Letter From Paris: It's Safe to Come Home Now

By guest columnist Carla Chanel, an American actress and writer who recently returned to Ventura, California, after living in Paris for the last four years.

I asked friend Carla Chanel to report on what it has been like for her to return home to the USA after her expat life in Paris. Here's what she said:

My friend's email written a day after the Presidential election was short and to the point. "It's safe to come home now."

A touch of bleeding heart liberal humor but nevertheless fitting.

As expatriates living in France for several years, we had seen Barack Obama become a sign of change not just for our nation but for the international community as well. The shops along the tourist-driven streets of Paris were filled with Obama tee-shirts. His face was on the cover of every magazine. His name was part of every café conversation.

And while it was the rhetoric of change that had filled American conversation and political posturing, something had actually happened. In the masses of people who came out to see and hear Barack Obama, a sense of long forgotten hope had been recognized. And through him, Americans embraced the voice we once had and stepped out of the ether of these past dark years. American democracy had rallied to elect Obama president. It was indeed a good time to come home.

Over the months preceding the move, my husband and I had discussed the different aspects of transition that would face us as we relocated back in the United States and to Ventura County, California. Naively, the one transition we hadn't considered was the rather extreme change in the political atmosphere. When we left the U.S., the media was filled with the likes of Bill "The Luffa" O'Reilly and Ann "The Venomous Vixen" Coulter. We were aware of the loud shrieking voice of Fox News and the fervor of the Far Right. But I hadn't prepared myself for how voluminous that voice had become, how far that fervor had erupted.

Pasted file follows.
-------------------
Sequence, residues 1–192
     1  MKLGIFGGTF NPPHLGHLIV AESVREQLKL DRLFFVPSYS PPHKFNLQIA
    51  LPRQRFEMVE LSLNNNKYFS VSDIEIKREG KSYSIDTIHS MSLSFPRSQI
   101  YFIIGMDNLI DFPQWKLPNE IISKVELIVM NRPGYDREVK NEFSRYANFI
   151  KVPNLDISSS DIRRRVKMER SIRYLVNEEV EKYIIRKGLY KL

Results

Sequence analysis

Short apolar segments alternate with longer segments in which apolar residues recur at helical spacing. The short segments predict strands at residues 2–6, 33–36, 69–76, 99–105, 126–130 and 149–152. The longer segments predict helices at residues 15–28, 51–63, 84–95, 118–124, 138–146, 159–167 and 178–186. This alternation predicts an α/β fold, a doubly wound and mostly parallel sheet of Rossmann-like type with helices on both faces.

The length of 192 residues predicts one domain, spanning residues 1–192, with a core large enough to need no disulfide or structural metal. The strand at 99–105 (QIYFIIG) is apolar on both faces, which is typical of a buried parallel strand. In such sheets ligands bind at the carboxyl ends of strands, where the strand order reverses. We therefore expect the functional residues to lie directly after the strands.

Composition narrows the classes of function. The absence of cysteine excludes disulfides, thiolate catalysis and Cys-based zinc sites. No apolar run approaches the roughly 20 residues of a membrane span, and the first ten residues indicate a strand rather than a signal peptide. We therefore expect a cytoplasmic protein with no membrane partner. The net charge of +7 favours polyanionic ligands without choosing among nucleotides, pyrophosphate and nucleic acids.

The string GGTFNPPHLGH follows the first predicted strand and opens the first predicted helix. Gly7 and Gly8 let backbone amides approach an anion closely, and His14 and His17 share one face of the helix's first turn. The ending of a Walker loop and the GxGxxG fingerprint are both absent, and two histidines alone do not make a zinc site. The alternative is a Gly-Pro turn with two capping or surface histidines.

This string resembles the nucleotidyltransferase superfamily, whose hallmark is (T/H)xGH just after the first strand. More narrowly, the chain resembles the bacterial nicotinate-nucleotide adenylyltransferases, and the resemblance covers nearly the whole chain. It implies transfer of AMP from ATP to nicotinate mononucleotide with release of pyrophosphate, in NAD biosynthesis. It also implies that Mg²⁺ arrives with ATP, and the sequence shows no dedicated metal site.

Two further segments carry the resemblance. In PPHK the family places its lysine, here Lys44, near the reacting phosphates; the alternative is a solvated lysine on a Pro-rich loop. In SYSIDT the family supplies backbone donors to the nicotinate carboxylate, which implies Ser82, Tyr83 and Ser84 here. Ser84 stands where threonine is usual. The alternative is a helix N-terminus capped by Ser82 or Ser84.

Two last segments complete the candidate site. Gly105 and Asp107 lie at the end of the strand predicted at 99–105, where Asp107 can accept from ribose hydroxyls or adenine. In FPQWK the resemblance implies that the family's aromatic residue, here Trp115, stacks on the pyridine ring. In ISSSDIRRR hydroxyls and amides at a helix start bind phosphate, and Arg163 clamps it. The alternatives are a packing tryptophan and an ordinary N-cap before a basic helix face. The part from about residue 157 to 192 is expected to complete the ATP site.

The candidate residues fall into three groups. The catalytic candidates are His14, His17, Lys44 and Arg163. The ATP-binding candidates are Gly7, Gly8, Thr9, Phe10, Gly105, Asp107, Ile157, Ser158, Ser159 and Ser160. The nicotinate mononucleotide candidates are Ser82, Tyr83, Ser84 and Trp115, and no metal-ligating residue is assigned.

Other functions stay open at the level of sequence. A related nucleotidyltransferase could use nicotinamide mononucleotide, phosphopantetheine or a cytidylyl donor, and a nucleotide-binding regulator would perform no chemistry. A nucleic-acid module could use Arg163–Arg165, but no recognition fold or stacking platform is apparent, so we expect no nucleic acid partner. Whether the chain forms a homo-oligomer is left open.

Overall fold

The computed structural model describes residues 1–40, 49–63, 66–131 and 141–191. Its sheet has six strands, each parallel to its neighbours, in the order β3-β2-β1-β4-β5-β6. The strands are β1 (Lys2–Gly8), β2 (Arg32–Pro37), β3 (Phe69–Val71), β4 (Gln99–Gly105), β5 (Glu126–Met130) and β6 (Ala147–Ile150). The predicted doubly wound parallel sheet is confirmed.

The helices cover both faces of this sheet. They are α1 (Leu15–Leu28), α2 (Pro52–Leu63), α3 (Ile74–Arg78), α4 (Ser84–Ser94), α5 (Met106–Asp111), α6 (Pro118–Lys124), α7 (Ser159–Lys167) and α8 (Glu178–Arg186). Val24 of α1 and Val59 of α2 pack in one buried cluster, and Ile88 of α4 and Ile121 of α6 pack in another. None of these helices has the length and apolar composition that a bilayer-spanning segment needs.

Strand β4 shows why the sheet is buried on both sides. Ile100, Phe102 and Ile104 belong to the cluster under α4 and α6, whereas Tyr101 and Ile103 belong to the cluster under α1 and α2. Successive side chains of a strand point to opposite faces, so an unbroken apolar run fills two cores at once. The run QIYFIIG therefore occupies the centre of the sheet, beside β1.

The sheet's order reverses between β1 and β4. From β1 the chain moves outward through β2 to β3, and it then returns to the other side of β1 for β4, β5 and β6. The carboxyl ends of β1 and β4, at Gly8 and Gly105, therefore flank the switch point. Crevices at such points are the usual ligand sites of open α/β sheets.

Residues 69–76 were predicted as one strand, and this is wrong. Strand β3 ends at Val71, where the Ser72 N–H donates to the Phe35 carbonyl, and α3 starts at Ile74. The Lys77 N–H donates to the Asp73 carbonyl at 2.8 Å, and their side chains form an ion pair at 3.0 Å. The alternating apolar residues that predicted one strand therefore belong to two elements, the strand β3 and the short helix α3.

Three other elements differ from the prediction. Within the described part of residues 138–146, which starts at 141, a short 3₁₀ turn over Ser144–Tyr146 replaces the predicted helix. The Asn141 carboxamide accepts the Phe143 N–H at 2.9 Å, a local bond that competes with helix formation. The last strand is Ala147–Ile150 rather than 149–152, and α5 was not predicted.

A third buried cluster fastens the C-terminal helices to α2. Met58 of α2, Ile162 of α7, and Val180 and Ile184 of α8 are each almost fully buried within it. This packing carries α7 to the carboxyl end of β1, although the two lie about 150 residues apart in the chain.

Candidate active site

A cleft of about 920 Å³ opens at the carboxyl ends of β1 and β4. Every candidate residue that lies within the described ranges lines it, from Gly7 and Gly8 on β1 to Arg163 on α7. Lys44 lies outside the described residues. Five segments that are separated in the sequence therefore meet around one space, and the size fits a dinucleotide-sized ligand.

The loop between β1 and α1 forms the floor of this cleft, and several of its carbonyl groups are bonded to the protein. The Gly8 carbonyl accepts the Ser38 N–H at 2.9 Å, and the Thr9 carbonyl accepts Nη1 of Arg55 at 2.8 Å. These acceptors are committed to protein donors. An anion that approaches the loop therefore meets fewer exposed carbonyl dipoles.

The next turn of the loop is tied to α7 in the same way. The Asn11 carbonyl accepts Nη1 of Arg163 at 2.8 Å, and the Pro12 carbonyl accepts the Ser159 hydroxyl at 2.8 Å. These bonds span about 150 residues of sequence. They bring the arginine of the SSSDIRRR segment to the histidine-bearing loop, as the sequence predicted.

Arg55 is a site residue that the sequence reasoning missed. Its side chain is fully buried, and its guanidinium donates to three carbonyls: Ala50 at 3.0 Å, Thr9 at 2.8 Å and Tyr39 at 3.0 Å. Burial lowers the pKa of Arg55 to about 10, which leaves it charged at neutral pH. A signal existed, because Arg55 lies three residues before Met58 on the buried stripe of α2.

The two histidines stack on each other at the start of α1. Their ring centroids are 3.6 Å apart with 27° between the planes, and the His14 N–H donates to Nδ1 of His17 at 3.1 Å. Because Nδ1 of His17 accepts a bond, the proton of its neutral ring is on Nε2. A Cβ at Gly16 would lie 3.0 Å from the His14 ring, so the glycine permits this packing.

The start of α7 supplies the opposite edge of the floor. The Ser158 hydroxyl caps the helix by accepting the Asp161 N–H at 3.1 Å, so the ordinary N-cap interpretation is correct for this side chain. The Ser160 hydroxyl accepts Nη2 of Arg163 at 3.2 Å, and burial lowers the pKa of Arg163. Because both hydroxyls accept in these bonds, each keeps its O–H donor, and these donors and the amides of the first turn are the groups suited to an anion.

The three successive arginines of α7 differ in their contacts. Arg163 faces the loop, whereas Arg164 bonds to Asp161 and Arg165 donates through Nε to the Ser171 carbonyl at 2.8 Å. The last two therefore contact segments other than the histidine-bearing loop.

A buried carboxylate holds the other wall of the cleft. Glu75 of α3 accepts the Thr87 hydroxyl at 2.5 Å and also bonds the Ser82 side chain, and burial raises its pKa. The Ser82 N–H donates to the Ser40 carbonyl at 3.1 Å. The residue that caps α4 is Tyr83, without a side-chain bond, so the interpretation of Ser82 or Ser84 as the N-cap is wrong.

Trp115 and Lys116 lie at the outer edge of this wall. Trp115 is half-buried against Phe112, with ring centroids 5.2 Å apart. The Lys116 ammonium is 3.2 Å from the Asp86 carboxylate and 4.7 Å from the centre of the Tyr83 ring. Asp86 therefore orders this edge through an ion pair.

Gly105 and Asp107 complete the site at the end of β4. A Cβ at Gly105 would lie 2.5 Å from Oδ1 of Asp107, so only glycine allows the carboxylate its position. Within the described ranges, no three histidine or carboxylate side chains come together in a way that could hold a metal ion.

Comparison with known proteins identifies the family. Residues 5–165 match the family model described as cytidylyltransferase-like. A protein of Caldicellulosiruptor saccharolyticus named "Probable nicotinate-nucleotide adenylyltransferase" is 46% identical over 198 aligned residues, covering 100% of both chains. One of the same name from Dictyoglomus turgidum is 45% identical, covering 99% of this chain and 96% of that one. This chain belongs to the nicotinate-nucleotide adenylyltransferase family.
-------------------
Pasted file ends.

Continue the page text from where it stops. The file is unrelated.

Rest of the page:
After the presidential election, I naively imagined (or hoped) that Sarah Palin would disappear into the tundra. To my amazement, she is still up front, still drawing in the crowds, maintaining her bizarre Barbie-with-a-gun personae in the Republican leadership.

And as incredible as it seems, the Discovery Channel has chosen to give her a television series. It has given a platform to "Drill Baby Drill," man-has-not-influenced-global-warming, polar-bears are-not-endangered, let's-expand-aerial-predator-control-program Sarah Palin. It is both offensive and ludicrous at the same time. And how in the world could anyone have prepared me for Glenn Beck--a commentator/entertainer whose totally absurd outbursts are colored with a talent for crying on cue equal only to the tears of a young Margaret O'Brien.

I would be less than truthful if I told you that I understood the Tea Party. According to their site, they define themselves as "a user-driven group of like-minded people who desire our God given Individual Freedoms which were written out by the Founding Fathers."

I suspect Benjamin Franklin amongst others is turning over in his grave.

So these are the people and the issues that I now find myself confronted with in the media. I like to think it is my intellectual motor that deals with all that, but it was not until what I describe as THE SEIGE OF THE THOUSAND OAKS POST OFFICE that matters became more personal.

Lyndon LaRouche was a fanatic that I heard of many years ago. While his accusers regard him as an anti-Semite and homophobe, let it not be forgotten that he is the man whose myriad of conspiracy theories include the The Beatles having been a pawn in British Psychological Warfare and Queen Elizabeth masterminding the international drug trade. Frankly, I would have thought him dead by now. But he is apparently alive and well and invigorated by his new-found hatred for Barack Obama.